There are similar requirements that apply to government officials in a number of the Australian States and Territories.
In the private sector, an implied term of good faith will always be applied (Vodafone Pacific Limited v Mobile Innovations Limited  NSWCA 15). However, the courts have shown that they may be willing to accept that:
With respect to other implied terms, under the common law, the following terms are often implied:
The various implied terms arising from sale of goods legislation and consumer protection legislation will generally not be applicable to outsourcing contracts.
Any transfer of employees between their old and new employers arising in the context of an outsourcing will involve the termination of their employment with the old employer and the offer and acceptance of employment with their new employer.
Coverage of the Fair Work Act 2009
Australian employers and employees are subject to a mix of Federal and State laws. The principal Federal statute, the Fair Work Act 2009 (Cth) (FW Act), does not apply to every employment relationship and, in particular, to certain employees employed within the State public sectors.
The principles in the FW Act, insofar as they are relevant to outsourcing, apply to "national system employees" and "national system employers". A "national system employee" is an "individual employed (or usually employed) by a national system employer, other than on a vocational placement" (s 13 FW Act). A "national system employer" is in turn defined (in s 14(1) FW Act) as any of the following entities:
Application to State employees
The coverage of the FW Act also extends to employment relationships in States that referred their industrial relations power to the Commonwealth (all States except Western Australia have referred, to a greater or lesser extent, their power to the Commonwealth) and operates subject to any carve out within the FW Act that preserves the application of State legislation (this includes, relevantly for these purposes, each State’s long service leave legislation (per s 27(2)(g) FW Act) – see further below).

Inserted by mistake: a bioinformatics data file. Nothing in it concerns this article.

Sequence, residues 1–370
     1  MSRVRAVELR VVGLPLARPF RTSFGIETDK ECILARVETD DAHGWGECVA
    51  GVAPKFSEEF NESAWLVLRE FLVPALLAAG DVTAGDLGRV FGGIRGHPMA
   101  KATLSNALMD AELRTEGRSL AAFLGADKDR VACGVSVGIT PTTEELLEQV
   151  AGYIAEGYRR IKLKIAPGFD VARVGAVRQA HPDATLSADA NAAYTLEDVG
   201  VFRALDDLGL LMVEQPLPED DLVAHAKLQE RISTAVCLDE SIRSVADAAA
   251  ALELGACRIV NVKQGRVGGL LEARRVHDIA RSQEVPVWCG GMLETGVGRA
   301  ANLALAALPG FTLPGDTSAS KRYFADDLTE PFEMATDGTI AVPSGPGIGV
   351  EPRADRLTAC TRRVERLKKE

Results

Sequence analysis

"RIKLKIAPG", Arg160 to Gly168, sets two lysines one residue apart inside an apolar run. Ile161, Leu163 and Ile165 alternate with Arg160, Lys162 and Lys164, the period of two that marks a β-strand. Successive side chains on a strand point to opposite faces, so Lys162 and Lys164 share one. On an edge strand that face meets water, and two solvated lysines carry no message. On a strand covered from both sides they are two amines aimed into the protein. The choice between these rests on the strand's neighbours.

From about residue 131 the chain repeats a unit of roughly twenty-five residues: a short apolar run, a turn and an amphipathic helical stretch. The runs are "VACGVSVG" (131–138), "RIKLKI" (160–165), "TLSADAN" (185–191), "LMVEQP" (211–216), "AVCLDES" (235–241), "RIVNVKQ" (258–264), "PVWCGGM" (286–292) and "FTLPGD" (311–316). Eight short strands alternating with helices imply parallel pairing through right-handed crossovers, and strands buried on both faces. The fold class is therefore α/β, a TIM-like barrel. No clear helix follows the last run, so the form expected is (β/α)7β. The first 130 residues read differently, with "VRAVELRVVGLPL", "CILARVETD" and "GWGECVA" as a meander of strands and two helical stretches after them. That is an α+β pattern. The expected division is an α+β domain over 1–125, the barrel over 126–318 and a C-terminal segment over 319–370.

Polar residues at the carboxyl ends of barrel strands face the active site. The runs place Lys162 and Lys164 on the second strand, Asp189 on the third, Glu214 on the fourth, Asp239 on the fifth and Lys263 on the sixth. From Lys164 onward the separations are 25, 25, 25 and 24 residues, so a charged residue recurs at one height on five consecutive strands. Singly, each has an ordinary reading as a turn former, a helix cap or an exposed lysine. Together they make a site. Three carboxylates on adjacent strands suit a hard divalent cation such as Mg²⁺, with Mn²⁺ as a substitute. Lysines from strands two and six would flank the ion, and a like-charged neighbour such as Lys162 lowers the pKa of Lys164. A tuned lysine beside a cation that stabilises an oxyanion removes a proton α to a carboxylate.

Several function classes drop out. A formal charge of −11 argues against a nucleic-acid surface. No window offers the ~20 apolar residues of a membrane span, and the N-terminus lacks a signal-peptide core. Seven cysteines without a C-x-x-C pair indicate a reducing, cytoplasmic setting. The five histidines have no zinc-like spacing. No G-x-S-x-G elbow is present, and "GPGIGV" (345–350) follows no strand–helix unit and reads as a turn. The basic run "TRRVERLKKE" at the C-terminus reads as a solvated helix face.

There are specific limitations to this reference of power in Victoria. The FW Act has a broad application to the exclusion of mainly judicial officers and senior State executives or office-holders.
By contrast, the referral statutes in other States contain more substantial exceptions. For example, New South Wales, Queensland, South Australia and Tasmania each, in various ways, exclude their public sector workers, including, for example, law enforcement officers, from being treated as "national system employees". New South Wales, Queensland and South Australia do the same for their local government employees.
When an outsourcing is likely to have an impact upon non-national system employees, the laws of the relevant State or Territory should be addressed to determine the rules governing employee transfers within each specific jurisdiction.
Employee transfers under the FW Act
When there is an outsourcing involving the transfer of "national system employees", the transfer of business provisions in the FW Act may be enlivened. This can include an intra-group outsourcing.
A "transfer of business" occurs if the following conditions are satisfied (s 311(1) FW Act):
An employee who satisfies the above criteria is classified as a "transferring employee".
Same, or substantially the same work
The work performed by an employee in the business of the old and new employer must be the same or similar for the transfer of business provisions to be enlivened.
Essentially, the employees terminated by the old employer must, within three months of the termination of their employment, be employed by the new employer to continue to perform work that is substantially the same as what they did previously in connection with the outsourced activities. This is a fact specific analysis and will vary on a case by case basis.
Connection between the old employer and the new employer
There will be a connection between the old employer and the new employer if, among other things, the transferring work is performed by one or more transferring employees, as employees of the new employer, because the old employer or an associated entity of the old employer, has outsourced the transferring work to the new employer or an associated entity of the new employer (s 311(1) FW Act).
The term "outsource" is not defined further in the FW Act, but is intended to have a broad application to any situation where the old employer decides that it no longer wishes to perform work of a particular type, or no longer wishes to perform as much work of a particular type, and so engages a third party to perform that work instead and that third party engages employees of the old employer to continue performing that work.
Implications of a Transfer of Business Under the FW Act
If a transfer of business occurs under the FW Act, the new employer will be bound by any ‘transferable instruments’ covering the transferring employees.